During the Lincoln-Douglas joint debates of 1858, the latter accused Lincoln of having, when in Congress, voted against the appropriation for supplies to be sent the United States soldiers in Mexico. In reply, Lincoln said: “This is a perversion of the facts. I was opposed to the policy of the administration in declaring war against Mexico; but when war was declared I never failed to vote for the support of any proposition looking to the comfort of our poor fellows who were maintaining the dignity of our flag in a war that I thought unnecessary and unjust.”
He gradually became more and more excited; his voice thrilled and his whole frame shook. Sitting on the stand was O. B. Ficklin, who had served in Congress with Lincoln in 1847. Lincoln reached back, took Ficklin by the coat-collar, back of his neck, and in no gentle manner lifted him from his seat as if he had been a kitten, and roared: “Fellow-citizens, here is Ficklin, who was at that time in Congress with me, and he knows it is a lie.”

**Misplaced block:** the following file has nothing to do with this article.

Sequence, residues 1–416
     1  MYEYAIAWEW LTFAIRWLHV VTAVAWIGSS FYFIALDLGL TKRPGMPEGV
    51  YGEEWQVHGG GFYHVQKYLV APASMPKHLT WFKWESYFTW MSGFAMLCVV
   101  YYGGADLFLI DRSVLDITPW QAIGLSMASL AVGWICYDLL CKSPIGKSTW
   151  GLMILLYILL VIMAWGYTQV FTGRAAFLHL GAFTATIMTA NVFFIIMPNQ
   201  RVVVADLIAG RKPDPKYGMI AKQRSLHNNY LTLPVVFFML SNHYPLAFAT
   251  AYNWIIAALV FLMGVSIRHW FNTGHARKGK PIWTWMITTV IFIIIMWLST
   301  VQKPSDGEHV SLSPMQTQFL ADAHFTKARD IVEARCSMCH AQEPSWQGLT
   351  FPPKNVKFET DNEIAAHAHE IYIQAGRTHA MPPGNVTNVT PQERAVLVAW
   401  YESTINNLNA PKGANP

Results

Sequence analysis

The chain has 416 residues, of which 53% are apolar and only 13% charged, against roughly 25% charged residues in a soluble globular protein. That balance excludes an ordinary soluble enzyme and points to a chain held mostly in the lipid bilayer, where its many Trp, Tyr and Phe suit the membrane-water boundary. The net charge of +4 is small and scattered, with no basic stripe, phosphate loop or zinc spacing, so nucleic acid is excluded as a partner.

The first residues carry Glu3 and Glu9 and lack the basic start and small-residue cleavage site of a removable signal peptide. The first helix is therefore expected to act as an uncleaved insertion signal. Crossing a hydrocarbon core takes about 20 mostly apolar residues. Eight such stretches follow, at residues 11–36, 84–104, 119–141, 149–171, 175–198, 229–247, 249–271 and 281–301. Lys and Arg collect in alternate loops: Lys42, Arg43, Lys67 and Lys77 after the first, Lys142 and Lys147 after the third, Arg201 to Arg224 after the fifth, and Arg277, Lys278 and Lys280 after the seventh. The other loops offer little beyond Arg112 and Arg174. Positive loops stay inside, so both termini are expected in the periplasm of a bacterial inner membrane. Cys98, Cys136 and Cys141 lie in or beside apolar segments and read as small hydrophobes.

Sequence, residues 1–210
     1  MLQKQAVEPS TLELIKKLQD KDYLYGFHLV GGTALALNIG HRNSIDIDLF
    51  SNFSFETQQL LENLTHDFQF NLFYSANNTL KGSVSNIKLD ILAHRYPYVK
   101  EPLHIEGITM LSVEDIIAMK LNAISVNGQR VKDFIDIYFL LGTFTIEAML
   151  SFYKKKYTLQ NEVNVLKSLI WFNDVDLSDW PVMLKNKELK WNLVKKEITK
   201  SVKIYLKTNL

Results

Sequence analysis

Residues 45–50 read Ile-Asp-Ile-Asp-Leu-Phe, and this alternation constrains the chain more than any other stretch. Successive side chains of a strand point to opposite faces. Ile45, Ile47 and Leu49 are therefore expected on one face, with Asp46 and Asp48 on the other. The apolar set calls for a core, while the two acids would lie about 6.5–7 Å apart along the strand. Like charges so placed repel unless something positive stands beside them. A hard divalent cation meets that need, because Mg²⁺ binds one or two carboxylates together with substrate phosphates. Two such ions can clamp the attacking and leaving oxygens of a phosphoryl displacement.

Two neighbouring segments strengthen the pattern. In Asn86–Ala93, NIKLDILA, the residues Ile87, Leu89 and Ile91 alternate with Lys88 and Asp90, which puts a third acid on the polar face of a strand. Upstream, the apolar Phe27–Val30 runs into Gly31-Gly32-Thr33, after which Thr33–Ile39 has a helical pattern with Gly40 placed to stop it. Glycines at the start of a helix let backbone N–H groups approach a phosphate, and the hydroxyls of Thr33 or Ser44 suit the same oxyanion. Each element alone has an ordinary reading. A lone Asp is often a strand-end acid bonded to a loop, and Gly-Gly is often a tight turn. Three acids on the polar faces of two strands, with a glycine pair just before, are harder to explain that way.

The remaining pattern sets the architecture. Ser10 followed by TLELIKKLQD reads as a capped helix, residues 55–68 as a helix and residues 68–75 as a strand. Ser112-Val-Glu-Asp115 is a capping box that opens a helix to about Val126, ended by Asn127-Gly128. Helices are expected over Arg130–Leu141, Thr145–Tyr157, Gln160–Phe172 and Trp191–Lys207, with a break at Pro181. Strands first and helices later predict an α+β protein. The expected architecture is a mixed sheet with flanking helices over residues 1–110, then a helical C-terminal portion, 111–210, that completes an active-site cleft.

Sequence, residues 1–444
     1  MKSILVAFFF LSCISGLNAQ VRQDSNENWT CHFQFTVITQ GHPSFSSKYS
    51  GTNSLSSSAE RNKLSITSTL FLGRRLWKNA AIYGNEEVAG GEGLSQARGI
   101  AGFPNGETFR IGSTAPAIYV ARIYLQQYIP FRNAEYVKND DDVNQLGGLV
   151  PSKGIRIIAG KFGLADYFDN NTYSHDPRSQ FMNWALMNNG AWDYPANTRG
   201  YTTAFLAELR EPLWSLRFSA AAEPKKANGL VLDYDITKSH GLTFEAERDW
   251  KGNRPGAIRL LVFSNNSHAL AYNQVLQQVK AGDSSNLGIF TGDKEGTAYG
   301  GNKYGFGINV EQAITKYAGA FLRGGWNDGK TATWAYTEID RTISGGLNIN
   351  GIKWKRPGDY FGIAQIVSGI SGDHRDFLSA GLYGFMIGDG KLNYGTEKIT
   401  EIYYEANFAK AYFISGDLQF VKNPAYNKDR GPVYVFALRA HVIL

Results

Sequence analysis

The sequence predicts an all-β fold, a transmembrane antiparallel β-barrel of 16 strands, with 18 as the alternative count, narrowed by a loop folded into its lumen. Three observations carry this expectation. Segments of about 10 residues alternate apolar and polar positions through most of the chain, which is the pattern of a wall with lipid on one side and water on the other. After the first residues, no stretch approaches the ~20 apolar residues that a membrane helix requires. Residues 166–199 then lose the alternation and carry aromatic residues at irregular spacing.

He shook Ficklin until his teeth chattered. Fearing he would shake Ficklin’s head off, Ward Lamon grasped Lincoln’s hand and broke his grip.
After the speaking was over, Ficklin, who had warm personal friendship with him, said: “Lincoln, you nearly shook all the Democracy out of me to-day.”